Green Beans for the Whole Family, Baby Included
With just a few extra steps, your baby can eat the same green beans that you cook for the rest of the family. The American Academy of Pediatrics says that you can add any type of food after your baby is six months old, and that there's no reason why vegetables, like green beans, or meats can't come before cereal.
This recipe calls for frozen green beans, but you can easily substitute the fresh or canned variety, increasing the cooking time for fresh beans and decreasing it for canned beans.
Total Time: 10 minutes | Prep Time: 1 minute | Serves: 6 adult servings or 12 baby servings
- 1 pound green beans, frozen
- Pinch of salt
- In a microwave-safe bowl, add the green beans and about 1/3 cup of water. Cover the bowl and cook the beans on high heat for 4 minutes.
- Stir the green beans and cook them for another 4 minutes. If the rest of your family likes their green beans slightly crunchy, remove a portion for them and cook the baby's portion for a third 4-minute interval.
- Remove the baby's portion of green beans from the microwave. Using a fork or a blender, mash the beans into a pulp-like consistency, adding a few tablespoons of water if necessary to create a puree. If you're unable to mash the beans, cook them for another 2 to 3 minutes.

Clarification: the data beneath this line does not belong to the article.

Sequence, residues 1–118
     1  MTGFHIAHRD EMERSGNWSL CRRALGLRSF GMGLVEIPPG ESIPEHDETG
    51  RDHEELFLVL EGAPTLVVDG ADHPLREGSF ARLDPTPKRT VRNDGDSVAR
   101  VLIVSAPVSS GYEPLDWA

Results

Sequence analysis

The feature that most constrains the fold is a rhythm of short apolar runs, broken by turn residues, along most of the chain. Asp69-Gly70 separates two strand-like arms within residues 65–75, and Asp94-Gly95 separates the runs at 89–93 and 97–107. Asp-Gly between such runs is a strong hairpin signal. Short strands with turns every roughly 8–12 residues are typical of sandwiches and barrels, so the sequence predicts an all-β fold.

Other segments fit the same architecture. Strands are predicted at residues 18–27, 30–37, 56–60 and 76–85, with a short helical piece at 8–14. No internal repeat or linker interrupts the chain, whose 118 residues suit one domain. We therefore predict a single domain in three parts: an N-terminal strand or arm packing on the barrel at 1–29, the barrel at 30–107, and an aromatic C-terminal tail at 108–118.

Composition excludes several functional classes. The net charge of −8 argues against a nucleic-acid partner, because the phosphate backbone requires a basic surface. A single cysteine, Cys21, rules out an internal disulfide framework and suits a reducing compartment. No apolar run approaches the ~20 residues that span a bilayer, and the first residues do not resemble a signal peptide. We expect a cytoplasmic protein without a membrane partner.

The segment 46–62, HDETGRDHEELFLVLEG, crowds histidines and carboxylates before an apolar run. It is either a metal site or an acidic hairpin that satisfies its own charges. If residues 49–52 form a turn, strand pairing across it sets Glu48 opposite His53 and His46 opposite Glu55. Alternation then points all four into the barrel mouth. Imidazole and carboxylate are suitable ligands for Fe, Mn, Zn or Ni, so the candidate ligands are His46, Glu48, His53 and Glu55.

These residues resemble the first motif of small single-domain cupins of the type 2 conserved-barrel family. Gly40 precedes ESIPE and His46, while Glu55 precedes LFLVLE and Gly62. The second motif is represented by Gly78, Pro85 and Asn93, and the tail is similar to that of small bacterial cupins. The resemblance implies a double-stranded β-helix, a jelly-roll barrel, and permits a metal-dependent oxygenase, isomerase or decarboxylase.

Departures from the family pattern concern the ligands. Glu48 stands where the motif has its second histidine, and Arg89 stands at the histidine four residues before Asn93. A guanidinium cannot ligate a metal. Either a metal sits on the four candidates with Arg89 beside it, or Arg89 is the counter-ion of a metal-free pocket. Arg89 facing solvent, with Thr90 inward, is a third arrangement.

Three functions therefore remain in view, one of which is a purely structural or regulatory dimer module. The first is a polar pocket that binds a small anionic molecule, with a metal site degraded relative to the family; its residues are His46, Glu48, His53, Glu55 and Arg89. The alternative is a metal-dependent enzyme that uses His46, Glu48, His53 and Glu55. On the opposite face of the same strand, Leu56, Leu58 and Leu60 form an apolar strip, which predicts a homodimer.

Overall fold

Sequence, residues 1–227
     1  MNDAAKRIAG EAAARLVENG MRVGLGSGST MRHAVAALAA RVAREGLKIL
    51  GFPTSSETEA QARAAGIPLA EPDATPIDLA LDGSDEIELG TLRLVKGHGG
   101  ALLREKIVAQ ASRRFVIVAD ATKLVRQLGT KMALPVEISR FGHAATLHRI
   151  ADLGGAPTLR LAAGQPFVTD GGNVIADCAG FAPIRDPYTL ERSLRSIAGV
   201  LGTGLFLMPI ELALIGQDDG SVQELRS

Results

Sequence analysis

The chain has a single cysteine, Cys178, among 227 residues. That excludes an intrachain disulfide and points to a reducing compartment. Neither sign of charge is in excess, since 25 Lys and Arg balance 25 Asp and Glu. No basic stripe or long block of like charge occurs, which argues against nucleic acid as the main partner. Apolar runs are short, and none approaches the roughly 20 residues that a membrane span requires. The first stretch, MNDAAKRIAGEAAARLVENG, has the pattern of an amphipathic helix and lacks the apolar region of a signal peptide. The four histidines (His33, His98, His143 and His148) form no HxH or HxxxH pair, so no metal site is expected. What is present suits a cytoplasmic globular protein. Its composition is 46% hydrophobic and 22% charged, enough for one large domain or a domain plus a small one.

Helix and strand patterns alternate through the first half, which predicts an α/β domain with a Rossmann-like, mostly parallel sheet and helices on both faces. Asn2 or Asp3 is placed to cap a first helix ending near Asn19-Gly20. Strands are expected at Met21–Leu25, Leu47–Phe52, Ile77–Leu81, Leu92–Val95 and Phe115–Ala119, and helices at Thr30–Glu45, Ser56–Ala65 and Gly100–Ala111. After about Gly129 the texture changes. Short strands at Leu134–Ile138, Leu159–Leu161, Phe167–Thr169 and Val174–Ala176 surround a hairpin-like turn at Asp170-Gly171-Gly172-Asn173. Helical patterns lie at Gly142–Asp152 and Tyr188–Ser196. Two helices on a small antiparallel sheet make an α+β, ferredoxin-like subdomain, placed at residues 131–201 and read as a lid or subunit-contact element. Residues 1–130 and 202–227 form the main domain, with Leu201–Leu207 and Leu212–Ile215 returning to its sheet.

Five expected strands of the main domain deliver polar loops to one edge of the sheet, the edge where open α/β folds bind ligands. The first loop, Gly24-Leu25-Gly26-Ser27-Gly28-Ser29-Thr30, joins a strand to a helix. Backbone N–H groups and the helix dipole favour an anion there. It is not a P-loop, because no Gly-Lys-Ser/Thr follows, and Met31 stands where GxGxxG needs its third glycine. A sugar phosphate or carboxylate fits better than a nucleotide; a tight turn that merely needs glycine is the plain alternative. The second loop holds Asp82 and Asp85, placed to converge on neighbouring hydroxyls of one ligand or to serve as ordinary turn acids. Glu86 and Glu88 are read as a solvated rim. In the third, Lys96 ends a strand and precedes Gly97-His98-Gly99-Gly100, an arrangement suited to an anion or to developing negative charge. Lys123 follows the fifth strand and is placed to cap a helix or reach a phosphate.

- Stir in a small pinch of salt and test the green beans to ensure that they have cooled off enough to serve to your baby.
- American Academy of Pediatrics: Starting Solid Foods
- Research Triangle Institute: Summary Data for Green Beans (Vegetable)
- International Center of Excellence in Food Risk Communication: A Nutrition Showdown: Canned Green Beans vs. Fresh Green Beans
- Food.com: How to Cook Frozen Vegetables in the Microwave
- Weston A. Price: Nourishing a Growing Baby
- Still Tasty: Beans, Snap, String or Wax (Green or Yellow) - Fresh, Cooked
Susan Lundman began writing about her love of cooking, ingredient choices, menu planning and healthy eating after working for 20 years on children's issues at a nonprofit organization. She has written about food online professionally for ten years on numerous websites, and has provided family and friends with homemade recipes and stories about culinary adventures. Lundman received her M.A. from Stanford University.